J) 4= )■) ( J> ) 

v ^ „ ( „ ) 

)) * 3> A 5> ) 

„ 4 „ (incubated). 

Average measurement of 10 eggs 1'74 by 1*4 inches. 
Measurement of largest egg ... 1*88 „ 1*16 „ 
Measurement of smallest egg ... 1*60 ,, 1*2 „ 

The nests are stick platforms, always placed high in the 

trees. 

663.— Corvus splendens, Vieill. Native name — 

Row a. 

The Indian Grey-necked Crow is, of course, abundant, and as 
impudent and familiar here, as it is elsewhere, while its chief 
characteristics are too well known to need recapitulation. I 
may mention, however, that it robs nests, if not habitually, at 
least occasionally, for I have more than once seen it despatch- 
ing eggs with great gusto. 

It breeds very generally in July and August, the first fall 
of rain in June being the signal for building operations to 
commence. It may then be seen vigorously stealing the khus- 
khus from tatties, purloining pea-sticks, annexing twigs, rags, 
&c, with which it soon completes its nest. It usually lays 
four eggs of a greeuish-blue colour, spotted and blotched with 
all shades of brown, some remarkably free from any spots at 
all. 



V 

J) 


10th 
15th 


5> 


24th 
24th 



THE BIRDS OF THE LUCKNOW CIVIL DIVISION. 51 

The Koel, if, may be noted, invariably lays its eggs in the 
nests of this species. 

674.— Dendrocitta rufa, Scop. Native name— 
Mootri. 

\kih November, Female. — Length, 16; expanse, 18*; 
wing, 5*90; tail, 9'50; tarsus, 1-30; bill, from gape, 1 -20; 
weight, 3 oz. 

The Common Indian Tree-pie is a permanent resident, abun- 
dant in all well-wooded tracts, as well as in the gardens and 
avenues about Lucknow. A specimen that I shot had 
evidently robbed some nest, for its bill was smeared with the 
yolk of eggs. On another occasion, I actually caught one 
in the act of robbing a Babbler's nest. 

This Tree-pie breeds generally from May to the end of July, 
making its nest on high mangoe trees, invariably very near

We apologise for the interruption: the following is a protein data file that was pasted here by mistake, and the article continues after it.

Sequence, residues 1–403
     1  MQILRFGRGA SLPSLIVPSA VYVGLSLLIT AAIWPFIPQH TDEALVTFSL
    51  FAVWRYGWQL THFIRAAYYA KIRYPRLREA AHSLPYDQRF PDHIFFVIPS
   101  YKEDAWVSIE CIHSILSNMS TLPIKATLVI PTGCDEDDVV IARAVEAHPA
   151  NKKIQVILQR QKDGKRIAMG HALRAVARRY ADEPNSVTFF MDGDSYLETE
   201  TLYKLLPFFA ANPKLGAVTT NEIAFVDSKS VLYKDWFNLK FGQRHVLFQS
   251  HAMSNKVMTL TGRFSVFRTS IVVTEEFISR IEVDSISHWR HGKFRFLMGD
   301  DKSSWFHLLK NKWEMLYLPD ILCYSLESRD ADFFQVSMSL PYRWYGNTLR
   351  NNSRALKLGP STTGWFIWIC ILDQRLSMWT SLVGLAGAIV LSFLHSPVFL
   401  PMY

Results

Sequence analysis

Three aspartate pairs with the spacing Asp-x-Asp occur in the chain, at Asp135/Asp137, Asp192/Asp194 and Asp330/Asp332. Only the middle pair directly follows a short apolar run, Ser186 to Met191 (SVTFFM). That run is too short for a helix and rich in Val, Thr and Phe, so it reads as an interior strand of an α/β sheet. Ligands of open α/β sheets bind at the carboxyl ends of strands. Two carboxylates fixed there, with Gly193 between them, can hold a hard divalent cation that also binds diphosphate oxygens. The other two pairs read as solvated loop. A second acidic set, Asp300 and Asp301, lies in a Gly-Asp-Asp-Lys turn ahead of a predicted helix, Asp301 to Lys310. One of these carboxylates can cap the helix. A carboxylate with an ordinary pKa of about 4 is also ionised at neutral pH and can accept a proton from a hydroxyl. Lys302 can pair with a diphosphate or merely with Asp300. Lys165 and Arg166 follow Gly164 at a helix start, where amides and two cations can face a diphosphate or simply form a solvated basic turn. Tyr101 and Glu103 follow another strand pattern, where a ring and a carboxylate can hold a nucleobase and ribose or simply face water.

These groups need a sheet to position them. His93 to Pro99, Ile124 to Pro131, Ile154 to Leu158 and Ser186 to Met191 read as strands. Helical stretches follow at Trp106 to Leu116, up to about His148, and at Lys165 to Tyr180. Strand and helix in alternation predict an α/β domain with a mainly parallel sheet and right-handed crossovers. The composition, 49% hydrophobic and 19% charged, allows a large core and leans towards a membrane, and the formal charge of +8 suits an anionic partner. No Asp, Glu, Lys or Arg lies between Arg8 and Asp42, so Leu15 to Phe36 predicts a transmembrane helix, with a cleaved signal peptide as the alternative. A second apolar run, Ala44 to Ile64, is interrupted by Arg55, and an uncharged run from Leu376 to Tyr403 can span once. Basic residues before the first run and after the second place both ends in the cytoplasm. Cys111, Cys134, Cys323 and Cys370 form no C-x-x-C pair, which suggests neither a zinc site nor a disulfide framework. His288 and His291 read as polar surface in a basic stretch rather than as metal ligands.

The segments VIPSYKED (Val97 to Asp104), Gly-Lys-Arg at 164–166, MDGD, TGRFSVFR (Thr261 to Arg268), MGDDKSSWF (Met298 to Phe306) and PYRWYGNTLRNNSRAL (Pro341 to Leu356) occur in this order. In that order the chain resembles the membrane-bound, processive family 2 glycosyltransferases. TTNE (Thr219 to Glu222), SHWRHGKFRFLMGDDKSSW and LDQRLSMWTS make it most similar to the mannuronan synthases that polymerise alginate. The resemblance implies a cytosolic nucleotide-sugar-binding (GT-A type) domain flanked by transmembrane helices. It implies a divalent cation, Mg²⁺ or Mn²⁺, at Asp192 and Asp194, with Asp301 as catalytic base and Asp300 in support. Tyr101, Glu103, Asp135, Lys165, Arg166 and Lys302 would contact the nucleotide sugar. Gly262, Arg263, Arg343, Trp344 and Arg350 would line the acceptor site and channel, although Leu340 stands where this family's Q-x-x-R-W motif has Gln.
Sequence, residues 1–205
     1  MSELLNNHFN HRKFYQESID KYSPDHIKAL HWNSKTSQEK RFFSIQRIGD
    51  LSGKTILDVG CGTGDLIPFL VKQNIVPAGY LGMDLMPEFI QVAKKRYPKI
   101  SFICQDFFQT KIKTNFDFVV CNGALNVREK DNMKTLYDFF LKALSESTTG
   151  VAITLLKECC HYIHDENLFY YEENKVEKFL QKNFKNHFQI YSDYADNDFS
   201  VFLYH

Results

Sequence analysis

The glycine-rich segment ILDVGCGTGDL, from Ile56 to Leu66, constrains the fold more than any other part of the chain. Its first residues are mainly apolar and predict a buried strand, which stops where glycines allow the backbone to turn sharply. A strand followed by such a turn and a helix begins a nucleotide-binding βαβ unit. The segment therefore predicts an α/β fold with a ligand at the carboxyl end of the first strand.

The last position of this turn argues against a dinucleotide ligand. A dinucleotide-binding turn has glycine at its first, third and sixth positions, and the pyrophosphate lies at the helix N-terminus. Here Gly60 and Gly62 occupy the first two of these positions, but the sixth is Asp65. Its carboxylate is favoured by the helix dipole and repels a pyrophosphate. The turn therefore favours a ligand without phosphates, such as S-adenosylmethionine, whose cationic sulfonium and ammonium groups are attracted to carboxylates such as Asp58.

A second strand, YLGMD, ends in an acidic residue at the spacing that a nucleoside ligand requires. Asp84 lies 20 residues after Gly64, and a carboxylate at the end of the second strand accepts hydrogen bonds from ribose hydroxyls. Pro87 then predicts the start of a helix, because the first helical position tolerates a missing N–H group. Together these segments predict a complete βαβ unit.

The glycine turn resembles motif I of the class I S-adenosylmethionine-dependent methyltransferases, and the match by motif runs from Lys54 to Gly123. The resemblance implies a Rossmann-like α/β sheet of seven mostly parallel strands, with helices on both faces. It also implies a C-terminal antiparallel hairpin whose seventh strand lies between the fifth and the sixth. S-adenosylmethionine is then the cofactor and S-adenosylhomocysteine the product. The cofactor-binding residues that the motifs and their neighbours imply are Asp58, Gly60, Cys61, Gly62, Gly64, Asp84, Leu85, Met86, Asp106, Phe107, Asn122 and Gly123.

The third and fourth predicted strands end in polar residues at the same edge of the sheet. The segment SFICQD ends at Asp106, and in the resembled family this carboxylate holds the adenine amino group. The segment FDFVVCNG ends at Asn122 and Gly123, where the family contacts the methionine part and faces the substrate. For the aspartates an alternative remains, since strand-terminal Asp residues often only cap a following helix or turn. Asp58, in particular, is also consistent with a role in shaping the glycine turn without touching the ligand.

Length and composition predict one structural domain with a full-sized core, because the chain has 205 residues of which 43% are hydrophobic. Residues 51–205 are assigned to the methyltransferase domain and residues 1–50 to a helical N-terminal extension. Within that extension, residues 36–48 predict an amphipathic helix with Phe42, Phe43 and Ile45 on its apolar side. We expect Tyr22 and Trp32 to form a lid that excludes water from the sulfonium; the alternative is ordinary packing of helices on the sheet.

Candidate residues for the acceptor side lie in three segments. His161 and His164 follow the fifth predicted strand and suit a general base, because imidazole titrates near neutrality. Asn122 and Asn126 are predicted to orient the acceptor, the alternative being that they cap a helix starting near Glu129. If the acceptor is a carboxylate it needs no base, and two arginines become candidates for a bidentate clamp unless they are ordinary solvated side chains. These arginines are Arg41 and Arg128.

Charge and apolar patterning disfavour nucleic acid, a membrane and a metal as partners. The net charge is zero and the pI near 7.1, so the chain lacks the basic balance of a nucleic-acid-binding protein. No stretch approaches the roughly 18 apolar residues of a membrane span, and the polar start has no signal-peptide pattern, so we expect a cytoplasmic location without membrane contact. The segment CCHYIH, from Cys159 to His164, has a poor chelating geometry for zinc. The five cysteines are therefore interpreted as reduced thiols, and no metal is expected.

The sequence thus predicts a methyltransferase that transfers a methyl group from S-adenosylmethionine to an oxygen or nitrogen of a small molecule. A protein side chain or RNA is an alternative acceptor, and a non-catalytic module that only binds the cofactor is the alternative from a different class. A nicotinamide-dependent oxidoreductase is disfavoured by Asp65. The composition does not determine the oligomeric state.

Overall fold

their tops. I have found the following nests : — 

May 8th ... ... nest and 4 eggs (fresh;. 

■• 17th ... ... „ 2 „ ( „ ) 

,, 21st ... ... „ o ••(?>) 

July 5th ... ... „ 4 „ ( „ ) 

„ <th ... ... „ 5 „ ( „ ) 

In some nests, the eggs were white with reddish-brown spots ; 
in others of a light bluish-green color with much lighter 
brown spots. Of the former variety I have six eggs ; of the 
latter ten. They measure respectively : — 



Average 
Largest 
Smallest 

Average 
Largest 
Smallest 

681.— Sturnus 

Kusnai and Tilora. 

The Common Starling is very abundant during the cold 
weather, frequenting open cultivated tracts and putting up 
for the night in neighbouring trees. It associates in flocks — ■ 
large or small. These flocks, before roosting, occasionally go 
through a few evolutionary manoeuvres on the wing ; at other 
times they may be seen at dusk flying very low, rising now 
and then to clear trees, and evidently iu a great hurry to reach 



White variety : 




. . . ... 


1*14 by '81 inches. 


... 


1-16 „ '84 „ 


... 


112 „ -80 „ 


Bluish variety : 




• ■« • • • 


1-08 by "83 inches. 


• • • •• • 


1-20 „ -86 „ 


... 


1-00 „ -82 „ 


lgaris, Lin. 


Native names—- 



52 THE BIRDS OF THE LUCKNOW CIVIL DIVISION. 

some distant nightly abode. When migrating in April they 
often depart in flocks of countless numbers. When out on 
the Volunteer Rifle Range, on the 13th April last, a flock 
passed across the range, covering its entire length of 900 
yards and extending far beyond the Butts, presenting a 
dense and zig-zag line fully 40 yards in breadth — a sight to 
see and hear. 

There is, I think, another Starling that frequents the 
Division — probably S. purpurascens ; but having no specimens, 
I cannot, of course, vouch for its occurrence. 

683. — Sturnopaster contra, Lin. Native name — 
Abulka* Mynah. 

The Pied Starling is a common and permanent resident. 
It feeds in flocks in company with Mynahs, swarms in the 
vicinity of every village, and rests for the night in trees in 
the neighbourhood. In Lucknow it is very generally caged 
for its song ; indeed, when taken youug and brought up within 
hearing of a whistling Shama, {Cercotrichas macrura) it imitates 
the song of that bird to perfection. It breeds very generally 
in July, never, I think, laying more than four glossy blue eggs. 
Seen at a distance its nest might pass for a shapeless bundle of 
old rags and grass, paper, &c, of which, indeed, it is generally 
constructed, in a perfect maze of twigs in babool trees, often 
in the middle of a village. In the absence of the babool, any 
tree would, however, seem to answer for its nest, if it only has 
the recommendation of being: in or near a village. 

Average measurement of 13 eggs 1'09 by *77 inches. 
Measurement of largest egg ... 1*14 „ '80 „